Depending on your occupation and daily life you may or may not need to review the Qur’an intensively. Those who teach the Qur’an and other Islamic sciences will need less revision time due to a greater exposure, and vice versa.
Sometimes weak spots appear due to your psychological condition and other factors like tiredness etc… This should be borne in mind and not be a cause for distress.
People have weak spots that are specific to them. This does not make the Qur’an hard to memorise. Anybody memorising the Qur’an should really, really avoid this defeatist mentality like the plague. There is no ‘hard’ when it comes to the Qur’an. If one finds something hard then the problem is due to other factors; sins, lack of sincerity etc…. unless you really are one of the unfortunate people who الله has given a very limited intellect, in His wisdom, but then I doubt you would actually be reading this
Even if it is the case that somebody finds a certain surah/passage hard to memorise we shouldn’t generalise and spread it amongst people as there is a myriad of factors that have influenced that person’s memorisation and the same cannot be applied to all instances of people memorising Qur’an. It may be that الله is testing you and your desire to memorise the Qur’an. There may be character building taking place that otherwise would not.
Factors that lead someone to claim that a surah/passage is hard:
1 ) Time of day memorisation takes place
2 ) Too much food eaten before memorising
3 ) Not enough time spent revising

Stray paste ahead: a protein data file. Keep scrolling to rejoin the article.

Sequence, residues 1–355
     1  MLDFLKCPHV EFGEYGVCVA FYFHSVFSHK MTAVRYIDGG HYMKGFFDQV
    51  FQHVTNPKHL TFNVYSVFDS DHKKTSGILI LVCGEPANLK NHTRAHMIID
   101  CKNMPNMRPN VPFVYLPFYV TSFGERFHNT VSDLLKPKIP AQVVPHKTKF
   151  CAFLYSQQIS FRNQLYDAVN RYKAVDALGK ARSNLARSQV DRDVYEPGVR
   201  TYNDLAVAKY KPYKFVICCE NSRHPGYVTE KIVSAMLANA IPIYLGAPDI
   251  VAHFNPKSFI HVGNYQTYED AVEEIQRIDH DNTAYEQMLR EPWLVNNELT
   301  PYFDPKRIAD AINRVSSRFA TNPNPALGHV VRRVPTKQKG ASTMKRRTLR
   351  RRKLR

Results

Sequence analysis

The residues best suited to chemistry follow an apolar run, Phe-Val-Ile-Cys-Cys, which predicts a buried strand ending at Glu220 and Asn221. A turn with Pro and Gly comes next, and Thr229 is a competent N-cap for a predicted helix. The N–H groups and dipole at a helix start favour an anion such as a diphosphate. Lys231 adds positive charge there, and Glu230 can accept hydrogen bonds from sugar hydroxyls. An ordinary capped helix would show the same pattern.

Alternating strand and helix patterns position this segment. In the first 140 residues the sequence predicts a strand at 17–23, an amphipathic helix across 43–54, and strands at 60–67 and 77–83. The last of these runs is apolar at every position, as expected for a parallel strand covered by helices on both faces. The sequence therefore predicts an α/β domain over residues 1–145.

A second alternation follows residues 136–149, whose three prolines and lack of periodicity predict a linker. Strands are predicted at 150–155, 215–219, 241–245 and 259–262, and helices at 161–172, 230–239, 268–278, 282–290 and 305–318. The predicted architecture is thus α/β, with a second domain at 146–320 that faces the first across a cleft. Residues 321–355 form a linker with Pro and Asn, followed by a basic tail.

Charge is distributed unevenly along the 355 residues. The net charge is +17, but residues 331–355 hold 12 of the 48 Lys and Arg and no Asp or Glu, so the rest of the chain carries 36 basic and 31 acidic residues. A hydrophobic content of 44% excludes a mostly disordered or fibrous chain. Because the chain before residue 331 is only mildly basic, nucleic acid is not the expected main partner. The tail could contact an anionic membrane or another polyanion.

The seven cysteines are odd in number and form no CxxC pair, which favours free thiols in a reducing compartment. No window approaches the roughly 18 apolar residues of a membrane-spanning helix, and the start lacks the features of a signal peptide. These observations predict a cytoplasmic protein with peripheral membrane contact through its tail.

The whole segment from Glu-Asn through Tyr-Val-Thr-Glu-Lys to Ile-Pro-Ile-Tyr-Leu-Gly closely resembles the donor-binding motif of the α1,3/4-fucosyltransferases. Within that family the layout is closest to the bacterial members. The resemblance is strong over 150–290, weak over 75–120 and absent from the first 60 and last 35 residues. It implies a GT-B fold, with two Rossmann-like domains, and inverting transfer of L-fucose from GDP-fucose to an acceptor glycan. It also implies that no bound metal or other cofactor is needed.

4 ) High stress/depression levels
5 ) Lack of natural ability
6 ) Little time spent listening to/reading Qur’an
7 ) Poor knowledge of Arabic
8 ) Insincerity
9 ) Deficient method of memorisation and revision
10) No tawfeeq from الله
11) Low physical activity levels
12) Poor dietary habits
As you can see there are just too many variables for us to be able to apply ‘Surah * is hard’ across the board and such statements only serve to give people a bad impression of the Qur’an and encourage laziness and pessimism.
Whilst the opposite is true also, in that saying that Surah * is easy, it is a positive statement and as such should have positive effects which is definitely encouraged. الحمد لله I personally found Suratul Baqarah easy and I think that should be shared so that others are not daunted by its size. A positive psychological outlook is a wondrous thing.
We may tend to glamorise the pursuit of Islamic knowledge and this also needs to be addressed. Let’s be real. Memorising the Qur’an requires hours of daily repetition (memorisation and revision). You will experience frustration, obstacles, tiredness, sore throats etc… You will have to wake up early. You will have to adjust your sleeping habits. You will have to sacrifice watching the latest episode of Lost because you need to revise half a juz for tomorrow. But when was anything worth having, not worth struggling for? Your struggling through these human experiences will bear fruits إن شاء الله and you will begin to taste them once firmly on your way. The sweetest of these fruits you will taste in your prayers إن شاء الله. That is where the glamour is, in the fruits, not in the pursuit.
So to conclude, I put forward that the Qur’an is easy to memorise, all of it. Individuals may find certain suwar to be easier to memorise (previous familiarity, favourite recitation etc…), without detracting from the easiness of the rest of the Qur’an an iota and that is a blessing from الله which He should be thanked for. If your current situation means that you experience memorising to be hard then persevere!
Memorising the Qur’an may take a year or two but it doesn’t end there. Take the Qur’an as a friend. Nobody strikes up an honest friendship with 2 years in mind. The Qur’an is for life and it needs to be viewed as such.